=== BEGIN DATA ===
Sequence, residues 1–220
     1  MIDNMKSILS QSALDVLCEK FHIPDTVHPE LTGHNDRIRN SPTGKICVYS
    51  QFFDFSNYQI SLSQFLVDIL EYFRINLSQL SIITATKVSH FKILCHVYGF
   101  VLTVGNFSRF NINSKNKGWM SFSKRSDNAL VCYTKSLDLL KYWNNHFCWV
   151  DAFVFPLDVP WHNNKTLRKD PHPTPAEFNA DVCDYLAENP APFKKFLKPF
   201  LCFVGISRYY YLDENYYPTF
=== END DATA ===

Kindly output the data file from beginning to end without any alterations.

Sequence, residues 1–220
     1  MIDNMKSILS QSALDVLCEK FHIPDTVHPE LTGHNDRIRN SPTGKICVYS
    51  QFFDFSNYQI SLSQFLVDIL EYFRINLSQL SIITATKVSH FKILCHVYGF
   101  VLTVGNFSRF NINSKNKGWM SFSKRSDNAL VCYTKSLDLL KYWNNHFCWV
   151  DAFVFPLDVP WHNNKTLRKD PHPTPAEFNA DVCDYLAENP APFKKFLKPF
   201  LCFVGISRYY YLDENYYPTF